Update: Extortion attempt part of police investigation,
Explosive allegations have surfaced on a public pastebin entry detailing a hacker's attempt to extort funds from Symantec after stealing source code from PC Anywhere and Norton SystemWorks.
The pastebin entry, yet to be verified by Symantec, reveals a Symantec employee offering to pay US$50,000 ($A46,683) to a hacker operating under the handle YamaTough to destroy stolen source code and make a public statement denying that he/she stole the data.
Symantec’s US headquarters could not comment on the claims at the time of publication.
The upload includes full email header information detailing a lengthy exchange between alleged Symantec employee "Sam Thomas" and the Indian hacker.
The entry details an exchange between 17 January and 6 Febuary. The hacker continually demanded that the security giant wire the money through payment processor Liberty Reserve.
According to the leaked email conversation, Symantec offered to wire the hacker $US1000 ($A933) as “a sign of good faith”, and pay the remaining $US50,000 in $US2500 ($A2333) installments. The installments were promised because Symantec claimed it could not wire the entire amount at once and wanted to ensure the hacker wouldn't publish the source code after being paid.
The Symantec employee promised the hacker the company was “not in contact with the FBI” and added that “protecting our company and property are our top priorities”.
“We can't pay you $50,000 at once for the reasons we discussed previously. We can pay you $2,500 per month for the first three months. In exchange, you will make a public statement on behalf of your group that you lied about the hack (as you previously stated). Once that's done, we will pay the rest of the $50,000 to your account and you can take it all out at once. That should solve your problem.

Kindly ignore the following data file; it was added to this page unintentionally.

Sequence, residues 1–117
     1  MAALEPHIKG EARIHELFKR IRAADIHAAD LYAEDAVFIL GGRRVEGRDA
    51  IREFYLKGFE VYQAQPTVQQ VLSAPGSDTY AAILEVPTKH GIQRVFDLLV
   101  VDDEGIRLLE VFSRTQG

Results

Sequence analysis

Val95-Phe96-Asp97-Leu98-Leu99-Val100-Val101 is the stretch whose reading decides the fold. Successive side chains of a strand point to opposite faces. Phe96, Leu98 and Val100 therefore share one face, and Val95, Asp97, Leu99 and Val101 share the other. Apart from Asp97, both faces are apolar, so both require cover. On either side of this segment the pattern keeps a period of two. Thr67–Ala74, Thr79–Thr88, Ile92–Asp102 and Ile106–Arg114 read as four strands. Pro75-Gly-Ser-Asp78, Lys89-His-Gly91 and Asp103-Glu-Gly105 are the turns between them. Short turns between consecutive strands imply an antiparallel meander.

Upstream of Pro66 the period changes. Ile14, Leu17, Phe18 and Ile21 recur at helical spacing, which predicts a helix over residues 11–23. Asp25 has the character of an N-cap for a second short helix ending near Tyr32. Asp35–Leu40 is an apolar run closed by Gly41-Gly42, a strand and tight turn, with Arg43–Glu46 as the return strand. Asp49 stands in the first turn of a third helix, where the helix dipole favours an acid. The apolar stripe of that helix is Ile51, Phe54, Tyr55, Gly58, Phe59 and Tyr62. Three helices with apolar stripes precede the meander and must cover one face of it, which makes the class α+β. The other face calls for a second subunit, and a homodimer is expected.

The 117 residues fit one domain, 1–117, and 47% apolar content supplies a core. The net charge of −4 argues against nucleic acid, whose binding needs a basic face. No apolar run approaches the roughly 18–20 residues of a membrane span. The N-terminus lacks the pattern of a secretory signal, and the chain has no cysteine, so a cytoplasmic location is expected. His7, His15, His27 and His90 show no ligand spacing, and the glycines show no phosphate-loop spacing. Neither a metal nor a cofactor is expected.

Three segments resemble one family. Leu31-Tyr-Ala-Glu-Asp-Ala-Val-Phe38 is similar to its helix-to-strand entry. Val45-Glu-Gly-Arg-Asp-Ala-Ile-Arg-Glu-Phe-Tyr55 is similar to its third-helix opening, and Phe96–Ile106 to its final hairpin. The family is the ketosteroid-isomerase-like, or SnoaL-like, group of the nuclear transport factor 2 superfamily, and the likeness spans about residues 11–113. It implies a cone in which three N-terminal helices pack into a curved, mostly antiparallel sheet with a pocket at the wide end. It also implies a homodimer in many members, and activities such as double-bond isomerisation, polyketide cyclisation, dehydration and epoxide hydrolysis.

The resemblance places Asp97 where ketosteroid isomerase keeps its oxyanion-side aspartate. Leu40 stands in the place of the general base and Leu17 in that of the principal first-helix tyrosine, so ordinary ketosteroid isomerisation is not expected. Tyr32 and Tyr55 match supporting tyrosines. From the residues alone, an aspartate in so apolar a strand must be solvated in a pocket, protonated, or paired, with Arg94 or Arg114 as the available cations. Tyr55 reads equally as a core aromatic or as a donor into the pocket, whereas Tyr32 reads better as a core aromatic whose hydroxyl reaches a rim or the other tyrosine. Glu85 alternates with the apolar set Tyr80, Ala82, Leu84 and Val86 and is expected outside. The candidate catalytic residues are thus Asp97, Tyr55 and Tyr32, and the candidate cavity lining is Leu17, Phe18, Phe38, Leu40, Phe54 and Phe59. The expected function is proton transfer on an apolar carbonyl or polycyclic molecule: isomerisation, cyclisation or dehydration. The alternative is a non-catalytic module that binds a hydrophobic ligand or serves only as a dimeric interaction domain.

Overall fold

"Obviously you still have our code so if we don't follow through you still have the upper hand. “
The hacker claimed to have stolen the source code from Indian Government agencies in order to undermine the state. In an interview with InfoSec Island, YamaTough apologised to Symantec and said the theft was collateral damage. Motives appear to have shifted.
SC Magazine contacted the hacker using an email address included in the pastebin file. Again, the authencity of this address cannot be independently verified. The respondent, alleging to be YamaTough, said he never intended to take the money and did it only to humiliate the company.
“No, no money was wired and we did not intend to. Our goal was to play with them and see how they behave so to get [sic] the nature of their sick attitude to customers. We tricked them into a deal so to make it public later,” the reply said.
“We don’t need their money. We are a huge force and have supporters and we make a decent living. We don’t need their dirty money. Emails uploaded to humiliate them [sic] tricky and selfish pigs.”
SC did not yet receive a response when the author of the email was questioned on the apparent contradiction between the public apology and extortion attempt.
The respondent said the email account was the “official” account of the Lords of Dharmaraja (Kings) hacking group, to which YamaTough belongs. The respondent also claimed the header information was genuine. The headers pointed to an external Gmail account allegedly used by Symantec and an internal Symantec email address.
More to come.
Copyright © SC Magazine, Australia
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